Notes: Since I sincerely doubt we'll be shown how Hook gets back from New York I thought I'd write my version. It's nothing particularly exciting, and if you're looking for Hook/Emma interaction you won't get it here. This is just a little peek inside Hook's head as he deals with the aftermath of his confrontation with Gold and the uncertainty of his future at this point.
(If you're wearing your Official Captain Swan Shipping Goggles™, there's plenty here to enjoy, though.)
Beta'd by Peaceheather (and Wolfie)
Insert standard disclaimer here: not my property. Just writing for fun and amusement.
Time and Tide
Killian comes to consciousness like a man swimming up from the depths of some black lagoon.
If he's going to be honest—which tends to be far more often than most realize—he doesn't really want to be conscious. He's faintly certain that the Indian tribe that is pounding war drums in his skull has nothing to do with rum. Rum is a friend. Centuries of imbibing the stuff has given him a nearly inhuman tolerance for drinking alcohol of any sort and it's been decades since he last drank himself into a complete stupor.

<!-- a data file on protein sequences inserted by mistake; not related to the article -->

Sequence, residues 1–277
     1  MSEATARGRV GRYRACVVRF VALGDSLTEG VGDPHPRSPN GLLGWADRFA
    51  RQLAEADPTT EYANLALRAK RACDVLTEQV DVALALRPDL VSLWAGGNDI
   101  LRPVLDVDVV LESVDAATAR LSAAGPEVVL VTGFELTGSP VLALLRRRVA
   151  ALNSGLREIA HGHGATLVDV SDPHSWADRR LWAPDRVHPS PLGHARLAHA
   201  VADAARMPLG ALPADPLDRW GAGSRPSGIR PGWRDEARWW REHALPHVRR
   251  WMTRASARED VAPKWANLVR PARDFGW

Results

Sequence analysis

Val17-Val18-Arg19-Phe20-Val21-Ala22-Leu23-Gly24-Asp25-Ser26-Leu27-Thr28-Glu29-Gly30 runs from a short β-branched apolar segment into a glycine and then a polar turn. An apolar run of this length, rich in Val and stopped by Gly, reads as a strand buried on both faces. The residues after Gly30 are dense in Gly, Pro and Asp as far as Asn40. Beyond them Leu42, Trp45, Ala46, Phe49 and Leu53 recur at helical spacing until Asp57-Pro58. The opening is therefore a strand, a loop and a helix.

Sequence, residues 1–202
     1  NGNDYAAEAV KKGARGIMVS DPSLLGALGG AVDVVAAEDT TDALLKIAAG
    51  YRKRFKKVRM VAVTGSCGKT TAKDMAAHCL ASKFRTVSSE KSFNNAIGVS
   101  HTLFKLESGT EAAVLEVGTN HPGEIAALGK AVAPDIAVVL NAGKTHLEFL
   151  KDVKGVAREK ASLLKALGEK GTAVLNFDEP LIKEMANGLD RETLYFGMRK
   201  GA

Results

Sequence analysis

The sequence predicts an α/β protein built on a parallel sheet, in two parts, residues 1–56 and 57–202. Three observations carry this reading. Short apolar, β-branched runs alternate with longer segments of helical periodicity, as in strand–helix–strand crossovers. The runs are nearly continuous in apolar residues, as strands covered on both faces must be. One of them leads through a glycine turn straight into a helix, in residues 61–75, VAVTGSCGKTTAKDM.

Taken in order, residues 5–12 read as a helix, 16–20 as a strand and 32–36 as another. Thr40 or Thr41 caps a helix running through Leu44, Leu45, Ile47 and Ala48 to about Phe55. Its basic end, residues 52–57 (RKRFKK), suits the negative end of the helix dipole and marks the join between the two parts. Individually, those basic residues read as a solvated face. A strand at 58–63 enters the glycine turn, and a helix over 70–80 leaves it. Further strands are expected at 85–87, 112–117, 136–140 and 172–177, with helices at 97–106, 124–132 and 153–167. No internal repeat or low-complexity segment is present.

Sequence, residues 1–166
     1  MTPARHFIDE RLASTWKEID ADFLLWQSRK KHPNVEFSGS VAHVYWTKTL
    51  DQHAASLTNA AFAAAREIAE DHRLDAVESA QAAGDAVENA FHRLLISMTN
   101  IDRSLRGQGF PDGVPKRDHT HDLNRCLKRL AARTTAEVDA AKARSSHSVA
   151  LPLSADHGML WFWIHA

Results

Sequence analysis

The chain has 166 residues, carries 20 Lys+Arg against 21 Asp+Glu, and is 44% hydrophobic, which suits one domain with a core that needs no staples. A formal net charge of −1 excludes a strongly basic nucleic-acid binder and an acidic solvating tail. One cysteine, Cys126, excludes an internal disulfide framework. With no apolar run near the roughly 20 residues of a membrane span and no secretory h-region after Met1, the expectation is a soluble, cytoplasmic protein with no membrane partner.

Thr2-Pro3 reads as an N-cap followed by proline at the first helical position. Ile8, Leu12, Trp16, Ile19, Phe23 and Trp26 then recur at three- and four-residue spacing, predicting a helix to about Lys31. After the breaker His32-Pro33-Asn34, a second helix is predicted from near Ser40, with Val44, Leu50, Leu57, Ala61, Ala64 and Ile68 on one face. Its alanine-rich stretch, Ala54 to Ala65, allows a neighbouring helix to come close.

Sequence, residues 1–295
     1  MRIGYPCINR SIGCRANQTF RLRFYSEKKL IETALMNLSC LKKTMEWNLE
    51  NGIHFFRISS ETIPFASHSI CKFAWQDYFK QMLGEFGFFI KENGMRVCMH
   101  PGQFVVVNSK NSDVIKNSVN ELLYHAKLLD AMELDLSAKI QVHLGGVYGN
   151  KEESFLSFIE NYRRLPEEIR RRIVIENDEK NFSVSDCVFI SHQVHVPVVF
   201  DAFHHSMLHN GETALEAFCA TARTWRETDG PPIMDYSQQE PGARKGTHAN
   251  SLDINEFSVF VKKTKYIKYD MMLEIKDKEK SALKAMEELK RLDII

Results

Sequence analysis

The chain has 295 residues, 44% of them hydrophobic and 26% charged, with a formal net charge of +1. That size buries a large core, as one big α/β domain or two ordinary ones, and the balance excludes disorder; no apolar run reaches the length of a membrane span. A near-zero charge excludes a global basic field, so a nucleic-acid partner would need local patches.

It isn't until he attempts to feel for new lumps on his skull and finds his arm—once again—shackled to something, that memory comes roaring back.
He'd slammed through the door of the building, shoved whoever was in his path out of the way, and paused for just a moment to savor the look of pure, unadulterated fear on Rumpelstiltskin's oh-so-vulnerably human face. He'd been inches away from skinning the bastard and making himself a new pair of boots. There had been blood on his hook.
Then there was a great big gaping chasm full of pain, although the brief glimpse he'd caught of golden hair and the fact that he is tied to something, leads him to only one conclusion: Emma Bloody Swan has derailed his plans once more.
Hook is suddenly blindingly furious. He staggers to his feet and tugs at whatever is trapping his wrist. For once it's not an actual metal shackle; she's tied him off to some metal contraption with a length of thin, white rope. It would be easy enough to shred with his hook—except that she's taken that, too. This realization sends him completely over the edge, and a few seconds later he's free—if a bit more battered and bleeding than before—and suddenly reminded that his ribs haven't fully healed yet.